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THE DEATH of a man, who got sucked into a Magnetic Resonance Imaging (MRI) machine at a Mumbai hospital on Saturday, has set alarm bells ringing at hospitals in Chandigarh. The authorities of the city’s three major hospitals – Postgraduate Institute of Medical Education and Research (PGIMER), Government Medical College and Hospital (GMCH) and Government Multi Specialty Hospital (GMSH), Sector 16 – have ordered a safety review.
In the Mumbai incident, the man, Rajesh Maru, who was accompanying his ailing relative, walked into the MRI room with a metallic oxygen cylinder. No metallic objects are allowed into the MRI room.
PGI Director Dr Jagat Ram told Chandigarh Newsline that he has sought comments from the Department of Radio Diagnosis and Imaging to know the precautions taken during MRI tests. “All necessary measures would be taken to ensure the patient’s safety,” he said, adding that north India’s premier medical hub conducts over 100 MRIs per day.
In 2015, an MRI machine at PGI had attracted an incompatible pulse oximater thta was being carried by a hospital attendant. No one was hurt in the incident. PGI has now installed ferromagnetic detectors at the entrance to the MRI room. The institute has also divided the MRI areas into various zones.
All the wheelchairs and even cylinders are stopped in zone 1, from where patients are taken to the waiting area (zone 2 ). “It is in zone 2 where the history of the patient is noted…,” said Professor Paramjeet Singh of the Department of Radio Diagnosis and Imaging, PGI.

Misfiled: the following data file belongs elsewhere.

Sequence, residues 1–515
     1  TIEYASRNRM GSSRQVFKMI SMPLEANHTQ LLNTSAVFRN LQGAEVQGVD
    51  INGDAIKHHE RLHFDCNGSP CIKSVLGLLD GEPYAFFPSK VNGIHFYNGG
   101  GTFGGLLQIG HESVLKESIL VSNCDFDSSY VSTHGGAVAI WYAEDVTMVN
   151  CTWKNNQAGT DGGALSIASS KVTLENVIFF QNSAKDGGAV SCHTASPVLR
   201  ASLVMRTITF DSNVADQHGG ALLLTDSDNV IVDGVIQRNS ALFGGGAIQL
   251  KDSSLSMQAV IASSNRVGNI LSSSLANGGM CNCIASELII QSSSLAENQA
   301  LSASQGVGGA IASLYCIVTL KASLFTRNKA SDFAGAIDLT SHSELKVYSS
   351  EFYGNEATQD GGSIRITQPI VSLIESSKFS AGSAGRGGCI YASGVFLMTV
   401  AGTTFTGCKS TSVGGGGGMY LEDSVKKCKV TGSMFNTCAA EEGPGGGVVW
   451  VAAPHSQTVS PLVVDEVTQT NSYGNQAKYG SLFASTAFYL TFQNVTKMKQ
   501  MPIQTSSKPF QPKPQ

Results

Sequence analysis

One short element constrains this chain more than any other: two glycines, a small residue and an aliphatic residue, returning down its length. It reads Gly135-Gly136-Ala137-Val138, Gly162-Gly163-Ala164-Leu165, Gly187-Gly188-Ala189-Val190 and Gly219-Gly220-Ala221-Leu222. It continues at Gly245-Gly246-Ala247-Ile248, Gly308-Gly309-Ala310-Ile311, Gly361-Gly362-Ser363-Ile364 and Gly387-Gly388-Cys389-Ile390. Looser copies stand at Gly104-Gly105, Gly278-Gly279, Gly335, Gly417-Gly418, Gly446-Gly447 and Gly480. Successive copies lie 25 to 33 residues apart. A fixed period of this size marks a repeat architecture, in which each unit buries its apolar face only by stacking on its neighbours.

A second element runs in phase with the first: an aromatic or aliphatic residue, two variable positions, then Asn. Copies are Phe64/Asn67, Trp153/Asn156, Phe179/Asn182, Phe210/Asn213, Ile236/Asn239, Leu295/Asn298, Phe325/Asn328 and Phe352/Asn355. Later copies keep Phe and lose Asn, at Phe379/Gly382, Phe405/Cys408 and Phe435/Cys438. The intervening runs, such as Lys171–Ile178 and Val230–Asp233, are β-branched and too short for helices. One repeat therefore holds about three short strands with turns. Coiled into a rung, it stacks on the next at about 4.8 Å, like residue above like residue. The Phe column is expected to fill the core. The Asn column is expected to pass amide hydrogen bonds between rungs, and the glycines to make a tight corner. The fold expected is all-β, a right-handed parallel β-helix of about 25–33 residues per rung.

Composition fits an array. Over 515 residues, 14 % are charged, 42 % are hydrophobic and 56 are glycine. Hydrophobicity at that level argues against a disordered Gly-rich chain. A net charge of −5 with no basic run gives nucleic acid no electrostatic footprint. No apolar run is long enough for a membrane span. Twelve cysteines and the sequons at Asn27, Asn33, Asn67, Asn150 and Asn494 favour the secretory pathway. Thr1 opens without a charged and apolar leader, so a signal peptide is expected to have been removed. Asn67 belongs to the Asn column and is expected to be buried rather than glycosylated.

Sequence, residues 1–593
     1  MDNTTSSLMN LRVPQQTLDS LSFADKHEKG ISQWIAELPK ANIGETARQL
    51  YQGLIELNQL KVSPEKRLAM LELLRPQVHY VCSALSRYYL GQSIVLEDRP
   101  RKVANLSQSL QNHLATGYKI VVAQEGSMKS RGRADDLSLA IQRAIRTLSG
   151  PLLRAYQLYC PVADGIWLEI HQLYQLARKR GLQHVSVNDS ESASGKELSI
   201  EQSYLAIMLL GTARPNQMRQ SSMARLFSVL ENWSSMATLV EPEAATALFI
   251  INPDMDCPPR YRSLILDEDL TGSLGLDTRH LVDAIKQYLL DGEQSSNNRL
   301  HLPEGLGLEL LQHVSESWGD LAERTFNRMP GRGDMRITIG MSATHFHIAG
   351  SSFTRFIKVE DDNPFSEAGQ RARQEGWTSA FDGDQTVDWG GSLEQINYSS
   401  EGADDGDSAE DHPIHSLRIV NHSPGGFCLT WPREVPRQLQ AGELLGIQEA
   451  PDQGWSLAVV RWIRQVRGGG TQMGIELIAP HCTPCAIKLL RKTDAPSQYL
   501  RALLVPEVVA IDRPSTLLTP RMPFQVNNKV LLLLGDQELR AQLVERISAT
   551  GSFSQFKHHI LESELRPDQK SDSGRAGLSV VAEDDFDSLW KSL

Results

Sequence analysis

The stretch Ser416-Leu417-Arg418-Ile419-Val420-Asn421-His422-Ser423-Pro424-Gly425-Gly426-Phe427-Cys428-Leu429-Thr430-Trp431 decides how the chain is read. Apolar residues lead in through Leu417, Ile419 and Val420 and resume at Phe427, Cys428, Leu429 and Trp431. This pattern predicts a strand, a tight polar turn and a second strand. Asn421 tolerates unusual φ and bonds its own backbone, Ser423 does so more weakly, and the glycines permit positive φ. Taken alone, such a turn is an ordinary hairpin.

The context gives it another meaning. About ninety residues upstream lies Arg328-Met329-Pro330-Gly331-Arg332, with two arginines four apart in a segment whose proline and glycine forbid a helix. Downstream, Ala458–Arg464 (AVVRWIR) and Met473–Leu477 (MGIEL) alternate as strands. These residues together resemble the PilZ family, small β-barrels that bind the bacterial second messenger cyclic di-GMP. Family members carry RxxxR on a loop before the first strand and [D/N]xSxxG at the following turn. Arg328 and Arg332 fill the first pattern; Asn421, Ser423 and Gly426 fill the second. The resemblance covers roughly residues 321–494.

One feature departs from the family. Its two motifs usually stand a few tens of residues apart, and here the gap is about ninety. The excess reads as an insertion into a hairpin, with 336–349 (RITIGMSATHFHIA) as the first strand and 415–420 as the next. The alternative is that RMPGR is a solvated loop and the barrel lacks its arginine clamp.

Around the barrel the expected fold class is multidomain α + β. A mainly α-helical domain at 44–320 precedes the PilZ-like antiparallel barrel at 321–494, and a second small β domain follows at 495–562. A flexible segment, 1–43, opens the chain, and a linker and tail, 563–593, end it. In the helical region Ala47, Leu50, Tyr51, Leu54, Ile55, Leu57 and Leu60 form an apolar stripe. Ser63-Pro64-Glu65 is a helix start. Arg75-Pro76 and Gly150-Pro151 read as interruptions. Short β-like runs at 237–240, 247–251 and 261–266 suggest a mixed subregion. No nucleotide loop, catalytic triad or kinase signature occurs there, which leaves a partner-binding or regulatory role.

In zone 3, called the control area, patients are brought inside under the supervision of the staff and all small items, including jewellery, are kept in lockers. The machine is installed in zone 4, where metal objects are strictly not allowed. It is here where metal detectors are installed.
“We have installed ferromagnetic detectors at the MRI room’s entrance. Even if a person is carrying some minor metallic objects, the detector will turn red and a beep will emanate to alert the staff,” said Singh. PGI has installed CCTV cameras at the MRI centre.
Sources at GMCH, Sector 32, said the head of the Department of Radio Diagnosis has asked the department to take extra measures in view of the incident. “A message was circulated and we were told to be more careful while doing MRI,” said a senior official of the department, adding that PGI has four hand-held metal detectors, which are used to identify metal objects.
“In view of patient safety, we don’t conduct MRIs of patients wearing metal caps in their teeth,” said the official.
UT Health Director Dr G Dewan told Chandigarh Newsline that he has given directions to the concerned department to remain extra vigilant to prevent such incidents. “GMSH is following the laid down Standard Operating Protocol (SOP) while conducing MRIs. But, after the Mumbai Incident, I have ordered a review and asked the concerned doctors to remain extra vigilant,” he said.